Nivolumab Plus Low-Dose Ipilimumab Provides Robust, Durable Clinical Benefit in Frontline MSI-H/dMMR mCRC

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The combination of nivolumab and low-dose ipilimumab resulted in a deep and durable clinical benefit when used in the first-line treatment of patients with microsatellite instability–high and mismatch repair deficient metastatic colorectal cancer.

Heinz-Josef Lenz, MD

Heinz-Josef Lenz, MD

The combination of nivolumab (Opdivo) and low-dose ipilimumab (Yervoy) resulted in a deep and durable clinical benefit when used in the first-line treatment of patients with microsatellite instability–high (MSI-H)/mismatch repair deficient (dMMR) metastatic colorectal cancer (mCRC), according to findings from the phase 2 CheckMate-142 trial (NCT02060188).1

Results published in the Journal of Clinical Oncology showed that at a median follow-up of 29.0 months (range, 24.2-33.7), the doublet elicited an objective response rate (ORR) of 69.0% (n = 31/45; 95% CI, 53.0%-82.0%) per investigator assessment, and 62.0% (n = 28; 95% CI, 46.5%-76.2%) per blinded independent central review (BICR), in this patient population.

“The data show that nivolumab plus low-dose ipilimumab demonstrated robust and durable clinical benefit and was well tolerated as a first-line treatment for patients with MSI-H/dMMR mCRC,” Heinz-Josef Lenz, MD, FACP, of USC Norris Comprehensive Cancer Center, and colleagues, wrote. “Based on these promising data, randomized studies are warranted.”

For the first-line cohort of the multicenter, open-label, multicohort, phase 2 CheckMate-142 trial, investigators enrolled patients who had histologically confirmed mCRC, measurable disease per RECIST v1.1 criteria, MSI-H/dMMR status, and who were at least 18 years of age, had an ECOG performance status of 0 or 1.

Patients could not have previously received therapy for metastatic disease. Moreover, those with any serious uncontrolled medical disorder, autoimmune disease, active brain or leptomeningeal metastases, or malignancy apart from select cancers, were excluded.

Study participants were given nivolumab at a dose of 3 mg/kg once every 2 weeks plus low-dose ipilimumab at a dose of 1 mg/kg once every 6 weeks. Treatment was administered until progressive disease or study discontinuation due to adverse effects (AEs), death, withdrawn consent, or study end.

Dose interruptions of less than 6 weeks were allowed to manage treatment-related toxicities. Additionally, upon disease progression, additional treatment was permitted if the patient tolerated the study drug and was determined to have derived benefit per investigator assessment.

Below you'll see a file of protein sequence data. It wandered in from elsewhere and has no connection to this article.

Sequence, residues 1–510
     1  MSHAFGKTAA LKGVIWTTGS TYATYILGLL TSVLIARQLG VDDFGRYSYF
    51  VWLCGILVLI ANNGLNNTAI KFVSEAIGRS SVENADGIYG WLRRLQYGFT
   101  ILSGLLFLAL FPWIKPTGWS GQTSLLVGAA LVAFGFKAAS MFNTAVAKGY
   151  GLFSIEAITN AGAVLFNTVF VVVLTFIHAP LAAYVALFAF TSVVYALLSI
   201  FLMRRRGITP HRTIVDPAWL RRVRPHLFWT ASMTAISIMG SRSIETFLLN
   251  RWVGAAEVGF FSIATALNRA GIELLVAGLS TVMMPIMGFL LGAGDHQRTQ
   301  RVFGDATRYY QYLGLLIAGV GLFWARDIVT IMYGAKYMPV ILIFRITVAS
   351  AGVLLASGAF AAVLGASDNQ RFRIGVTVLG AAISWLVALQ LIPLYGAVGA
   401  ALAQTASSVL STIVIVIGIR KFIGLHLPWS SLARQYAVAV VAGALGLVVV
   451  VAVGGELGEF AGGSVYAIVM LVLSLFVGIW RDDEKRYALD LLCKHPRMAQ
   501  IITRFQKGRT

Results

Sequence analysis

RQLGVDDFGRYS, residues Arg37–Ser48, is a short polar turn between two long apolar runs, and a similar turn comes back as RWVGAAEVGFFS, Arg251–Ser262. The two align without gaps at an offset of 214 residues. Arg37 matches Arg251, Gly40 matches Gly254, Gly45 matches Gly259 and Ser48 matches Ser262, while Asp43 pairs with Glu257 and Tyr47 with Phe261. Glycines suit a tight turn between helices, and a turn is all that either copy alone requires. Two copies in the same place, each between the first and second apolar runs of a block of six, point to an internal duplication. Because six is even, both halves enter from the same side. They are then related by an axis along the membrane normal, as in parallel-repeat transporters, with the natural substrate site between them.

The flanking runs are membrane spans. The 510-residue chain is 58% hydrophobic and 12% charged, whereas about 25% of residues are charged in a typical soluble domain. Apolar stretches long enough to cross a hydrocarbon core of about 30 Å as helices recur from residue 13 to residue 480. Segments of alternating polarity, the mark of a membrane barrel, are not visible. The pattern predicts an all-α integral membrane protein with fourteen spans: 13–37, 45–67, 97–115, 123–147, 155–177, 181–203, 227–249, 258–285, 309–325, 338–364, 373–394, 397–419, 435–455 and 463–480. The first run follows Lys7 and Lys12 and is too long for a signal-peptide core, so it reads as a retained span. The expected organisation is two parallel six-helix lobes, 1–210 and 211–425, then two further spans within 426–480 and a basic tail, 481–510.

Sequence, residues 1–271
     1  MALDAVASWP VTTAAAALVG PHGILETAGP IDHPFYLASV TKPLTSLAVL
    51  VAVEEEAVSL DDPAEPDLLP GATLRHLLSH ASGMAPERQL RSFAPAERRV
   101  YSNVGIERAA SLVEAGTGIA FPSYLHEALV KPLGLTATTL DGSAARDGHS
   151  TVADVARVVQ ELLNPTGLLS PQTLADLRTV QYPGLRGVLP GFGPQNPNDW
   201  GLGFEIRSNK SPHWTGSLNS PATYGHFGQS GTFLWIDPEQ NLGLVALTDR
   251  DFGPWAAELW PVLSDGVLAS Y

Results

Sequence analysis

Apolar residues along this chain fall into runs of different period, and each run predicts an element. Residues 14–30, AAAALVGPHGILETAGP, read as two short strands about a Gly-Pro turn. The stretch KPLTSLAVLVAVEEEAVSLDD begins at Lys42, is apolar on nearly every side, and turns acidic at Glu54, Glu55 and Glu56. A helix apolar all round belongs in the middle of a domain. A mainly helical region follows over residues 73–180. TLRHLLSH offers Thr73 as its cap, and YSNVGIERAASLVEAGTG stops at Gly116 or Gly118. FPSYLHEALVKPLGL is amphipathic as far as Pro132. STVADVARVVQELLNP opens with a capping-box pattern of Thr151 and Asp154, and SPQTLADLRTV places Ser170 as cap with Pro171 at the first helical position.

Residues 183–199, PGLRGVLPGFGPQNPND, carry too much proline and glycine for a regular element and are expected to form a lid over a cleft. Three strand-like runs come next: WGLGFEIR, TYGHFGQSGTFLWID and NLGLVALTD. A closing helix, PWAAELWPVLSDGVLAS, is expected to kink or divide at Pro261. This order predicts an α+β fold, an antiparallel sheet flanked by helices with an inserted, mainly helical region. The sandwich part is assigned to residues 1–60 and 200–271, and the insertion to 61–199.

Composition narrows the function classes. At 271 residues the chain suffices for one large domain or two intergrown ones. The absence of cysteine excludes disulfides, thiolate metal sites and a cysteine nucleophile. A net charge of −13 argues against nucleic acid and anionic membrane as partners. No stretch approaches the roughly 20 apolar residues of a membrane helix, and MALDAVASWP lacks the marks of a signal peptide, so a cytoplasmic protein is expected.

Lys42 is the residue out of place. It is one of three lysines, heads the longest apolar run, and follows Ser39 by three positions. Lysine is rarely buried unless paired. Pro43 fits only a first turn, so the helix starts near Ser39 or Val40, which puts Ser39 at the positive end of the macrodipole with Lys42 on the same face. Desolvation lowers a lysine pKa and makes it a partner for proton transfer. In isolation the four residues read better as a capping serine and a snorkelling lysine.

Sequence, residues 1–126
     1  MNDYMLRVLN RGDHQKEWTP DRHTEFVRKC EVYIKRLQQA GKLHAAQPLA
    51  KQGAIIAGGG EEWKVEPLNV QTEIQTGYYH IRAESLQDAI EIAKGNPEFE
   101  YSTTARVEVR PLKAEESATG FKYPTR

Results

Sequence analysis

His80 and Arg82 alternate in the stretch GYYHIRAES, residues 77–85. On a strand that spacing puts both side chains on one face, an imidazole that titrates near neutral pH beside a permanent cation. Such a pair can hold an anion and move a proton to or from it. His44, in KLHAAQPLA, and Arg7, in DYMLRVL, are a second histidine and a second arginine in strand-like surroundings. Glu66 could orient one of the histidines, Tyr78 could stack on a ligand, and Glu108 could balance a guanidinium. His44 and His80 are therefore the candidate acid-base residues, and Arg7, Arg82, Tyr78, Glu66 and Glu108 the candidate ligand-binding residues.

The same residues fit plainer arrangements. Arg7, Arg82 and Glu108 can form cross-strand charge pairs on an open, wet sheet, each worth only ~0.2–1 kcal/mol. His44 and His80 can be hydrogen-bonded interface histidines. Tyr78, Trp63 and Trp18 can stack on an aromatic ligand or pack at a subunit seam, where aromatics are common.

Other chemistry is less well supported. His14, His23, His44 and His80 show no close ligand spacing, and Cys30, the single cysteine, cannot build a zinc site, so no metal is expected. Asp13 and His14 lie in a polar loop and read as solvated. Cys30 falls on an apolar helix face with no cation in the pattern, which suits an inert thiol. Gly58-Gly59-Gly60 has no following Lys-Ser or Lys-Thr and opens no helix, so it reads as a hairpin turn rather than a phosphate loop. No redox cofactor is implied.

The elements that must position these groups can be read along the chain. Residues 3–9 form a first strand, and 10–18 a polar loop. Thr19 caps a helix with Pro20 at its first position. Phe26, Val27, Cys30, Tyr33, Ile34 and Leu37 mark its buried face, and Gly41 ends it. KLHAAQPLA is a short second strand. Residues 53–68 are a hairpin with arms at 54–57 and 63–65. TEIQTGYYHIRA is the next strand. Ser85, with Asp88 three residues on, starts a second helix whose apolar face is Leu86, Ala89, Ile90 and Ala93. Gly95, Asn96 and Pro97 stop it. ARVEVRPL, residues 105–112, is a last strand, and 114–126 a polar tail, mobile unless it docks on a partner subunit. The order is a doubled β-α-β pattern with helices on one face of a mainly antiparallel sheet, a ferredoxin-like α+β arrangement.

The primary end point of the trial was investigator-assessed ORR per RECIST v1.1 criteria. Secondary end points included duration of response (DOR), ORR per blinded independent central review (BICR), and disease control rate (DCR). Other important end points included investigator- and BICR-assessed progression-free survival (PFS), overall survival (OS), safety and tolerability, and patient-reported outcomes (PROs).

The study enrolled patients between December 2016 and October 2017. The median age of study participants was 66 years (range, 21-85) and 51% were male. Moreover, 38% of patients had tumors that harbored BRAF mutations, and 22% harbored KRAS mutations.

Earlier data from the trial showed that at a median follow-up of 12.0 months and 13.4 months, respectively, single-agent nivolumab and nivolumab plus low-dose ipilimumab followed by nivolumab monotherapy resulted in high and durable responses in patients with MSI-H/dMMR mCRC who had previously received 1 or 1 treatments.

At a data cutoff of October 2019, 33% of patients were still receiving treatment, and 67% had discontinued therapy. The most common reason for discontinuation was progressive disease (18%), followed by maximum clinical benefit (13%), AEs not associated with study drug (11%), patient request to stop treatment (9%), or loss to follow-up (2%).

Of the patients who discontinued treatment, 11 went on to receive subsequent therapy, which included surgery (n = 6); systemic therapy (n = 6) in the form of chemotherapy with or without biologics, regorafenib (Stivarga), or nivolumab monotherapy; and radiotherapy (2%).

Participants received a median of 34 doses of nivolumab and 12 doses of ipilimumab. Seventy-one percent of patients had a relative dose intensity of at least 90% for nivolumab and 84% had this intensity for ipilimumab. The median duration of therapy was 11.0 months (range, 0.0-29.0).